Organizations should not shun Web participation for a fear of bad behavior, but instead they should anticipate it as part of the social experience and formulate a multilevel approach to policies for effective governance, according to Gartner Inc.
Creating policies for social application participation is not a one-size-fits-all proposition, and policies will vary based on the goals of the particular social application and on the characteristics of the participating community. When it comes to formulating governance strategies for social sites, it is important not to focus too tightly on controls and restrictions and thereby to lose sight of the fundamental goals of building a thriving, self-sustaining community.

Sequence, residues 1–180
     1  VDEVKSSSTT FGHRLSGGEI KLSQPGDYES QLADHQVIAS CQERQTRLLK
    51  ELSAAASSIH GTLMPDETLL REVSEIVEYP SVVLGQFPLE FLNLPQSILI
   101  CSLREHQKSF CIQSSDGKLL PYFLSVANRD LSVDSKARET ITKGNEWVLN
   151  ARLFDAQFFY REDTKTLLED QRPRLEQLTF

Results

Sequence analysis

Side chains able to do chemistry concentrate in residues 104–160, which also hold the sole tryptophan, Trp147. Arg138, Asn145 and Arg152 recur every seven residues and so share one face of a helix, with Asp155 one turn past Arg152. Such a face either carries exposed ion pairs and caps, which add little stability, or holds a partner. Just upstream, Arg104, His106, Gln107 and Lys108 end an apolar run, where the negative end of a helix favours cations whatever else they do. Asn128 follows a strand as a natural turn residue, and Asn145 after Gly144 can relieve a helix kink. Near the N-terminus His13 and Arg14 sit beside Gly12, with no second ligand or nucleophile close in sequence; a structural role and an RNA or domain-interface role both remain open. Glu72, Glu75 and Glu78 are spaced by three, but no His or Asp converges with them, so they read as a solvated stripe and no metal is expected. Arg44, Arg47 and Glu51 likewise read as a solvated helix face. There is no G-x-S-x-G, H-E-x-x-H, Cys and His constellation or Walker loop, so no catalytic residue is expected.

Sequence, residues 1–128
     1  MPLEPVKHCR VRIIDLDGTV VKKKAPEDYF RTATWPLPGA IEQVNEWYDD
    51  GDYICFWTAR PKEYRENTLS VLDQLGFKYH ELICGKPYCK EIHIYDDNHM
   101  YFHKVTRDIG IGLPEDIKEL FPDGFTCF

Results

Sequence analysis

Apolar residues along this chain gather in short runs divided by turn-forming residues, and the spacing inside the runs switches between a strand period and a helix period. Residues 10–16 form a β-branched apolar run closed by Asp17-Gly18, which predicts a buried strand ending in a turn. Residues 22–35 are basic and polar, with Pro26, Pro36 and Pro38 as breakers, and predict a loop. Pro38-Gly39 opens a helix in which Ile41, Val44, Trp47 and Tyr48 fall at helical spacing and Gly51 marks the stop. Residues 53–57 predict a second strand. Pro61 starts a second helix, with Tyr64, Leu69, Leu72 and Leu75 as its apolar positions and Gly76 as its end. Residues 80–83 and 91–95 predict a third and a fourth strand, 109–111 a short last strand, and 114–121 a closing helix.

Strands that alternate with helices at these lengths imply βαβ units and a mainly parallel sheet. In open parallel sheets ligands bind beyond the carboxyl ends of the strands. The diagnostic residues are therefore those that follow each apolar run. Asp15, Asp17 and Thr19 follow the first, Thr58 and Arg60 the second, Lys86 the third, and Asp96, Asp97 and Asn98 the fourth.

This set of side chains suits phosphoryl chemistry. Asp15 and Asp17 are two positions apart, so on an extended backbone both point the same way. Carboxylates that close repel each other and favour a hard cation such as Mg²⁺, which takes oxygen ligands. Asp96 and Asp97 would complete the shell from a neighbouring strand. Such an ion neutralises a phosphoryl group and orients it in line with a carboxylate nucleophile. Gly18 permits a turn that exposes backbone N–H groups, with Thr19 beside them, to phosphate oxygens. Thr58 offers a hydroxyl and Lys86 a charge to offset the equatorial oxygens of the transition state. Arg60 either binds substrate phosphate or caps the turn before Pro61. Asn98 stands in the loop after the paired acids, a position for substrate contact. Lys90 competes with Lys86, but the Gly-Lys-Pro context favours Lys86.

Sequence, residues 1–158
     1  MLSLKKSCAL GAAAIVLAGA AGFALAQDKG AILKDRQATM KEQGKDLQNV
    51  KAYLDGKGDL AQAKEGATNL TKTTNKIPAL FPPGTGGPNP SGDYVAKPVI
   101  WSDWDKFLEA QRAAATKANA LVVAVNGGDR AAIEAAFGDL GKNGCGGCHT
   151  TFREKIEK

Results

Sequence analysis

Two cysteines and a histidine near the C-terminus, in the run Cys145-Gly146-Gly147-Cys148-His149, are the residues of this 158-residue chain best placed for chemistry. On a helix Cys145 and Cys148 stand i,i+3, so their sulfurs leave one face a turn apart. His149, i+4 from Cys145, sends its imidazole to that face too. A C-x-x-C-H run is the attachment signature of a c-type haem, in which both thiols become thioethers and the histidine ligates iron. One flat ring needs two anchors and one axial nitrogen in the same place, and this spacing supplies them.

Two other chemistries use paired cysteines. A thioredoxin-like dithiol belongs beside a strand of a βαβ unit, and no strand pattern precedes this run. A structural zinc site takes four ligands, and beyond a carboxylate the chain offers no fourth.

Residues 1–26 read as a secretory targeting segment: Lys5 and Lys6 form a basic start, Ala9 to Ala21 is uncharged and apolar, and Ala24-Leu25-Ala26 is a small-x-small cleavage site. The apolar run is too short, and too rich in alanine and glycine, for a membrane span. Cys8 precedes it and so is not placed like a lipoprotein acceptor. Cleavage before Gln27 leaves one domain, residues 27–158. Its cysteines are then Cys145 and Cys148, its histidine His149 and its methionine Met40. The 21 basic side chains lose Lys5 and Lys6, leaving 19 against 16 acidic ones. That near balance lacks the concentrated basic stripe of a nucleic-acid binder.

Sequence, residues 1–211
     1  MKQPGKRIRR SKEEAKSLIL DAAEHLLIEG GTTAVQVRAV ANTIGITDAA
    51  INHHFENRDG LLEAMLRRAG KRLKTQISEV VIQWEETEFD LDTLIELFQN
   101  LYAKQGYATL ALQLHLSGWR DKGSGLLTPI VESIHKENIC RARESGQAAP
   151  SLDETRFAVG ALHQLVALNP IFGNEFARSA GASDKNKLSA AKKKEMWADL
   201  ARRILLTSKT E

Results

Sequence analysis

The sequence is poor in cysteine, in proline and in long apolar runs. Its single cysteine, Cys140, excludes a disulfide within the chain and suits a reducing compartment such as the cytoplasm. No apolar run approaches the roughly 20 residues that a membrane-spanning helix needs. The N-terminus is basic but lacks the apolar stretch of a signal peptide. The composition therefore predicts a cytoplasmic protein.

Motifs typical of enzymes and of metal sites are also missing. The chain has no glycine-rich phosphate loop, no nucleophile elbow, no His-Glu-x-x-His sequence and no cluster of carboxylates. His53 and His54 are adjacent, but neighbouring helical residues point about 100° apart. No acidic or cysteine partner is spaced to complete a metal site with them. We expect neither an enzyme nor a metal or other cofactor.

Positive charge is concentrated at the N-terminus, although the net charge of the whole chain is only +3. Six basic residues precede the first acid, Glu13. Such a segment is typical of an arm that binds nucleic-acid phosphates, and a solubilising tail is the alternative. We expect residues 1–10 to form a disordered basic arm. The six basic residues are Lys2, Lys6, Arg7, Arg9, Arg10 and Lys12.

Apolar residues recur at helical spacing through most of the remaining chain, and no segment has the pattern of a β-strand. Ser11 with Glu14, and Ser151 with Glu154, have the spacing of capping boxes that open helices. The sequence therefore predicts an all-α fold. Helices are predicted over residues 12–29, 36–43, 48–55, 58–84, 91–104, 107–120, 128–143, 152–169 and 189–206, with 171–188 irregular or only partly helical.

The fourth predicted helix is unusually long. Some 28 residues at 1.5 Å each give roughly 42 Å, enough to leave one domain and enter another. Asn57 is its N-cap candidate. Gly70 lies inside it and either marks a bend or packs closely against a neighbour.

Organizations should create a general policy statement for expected online behavior, which should reflect established corporate policies on appropriate and ethical behavior, underscoring that company policy extends to online social interactions. Employees should be aware that if their profiles on public social networking sites identify them as employees of a company, then their postings can have an impact on the company's reputation.
Organizations concerned about general public misbehavior, such as copyright infringement and inappropriate brand use, should compile a second set of relevant policies but be careful not to restrict freedom of speech and personal freedoms; such restriction could risk alienating established and potential customers.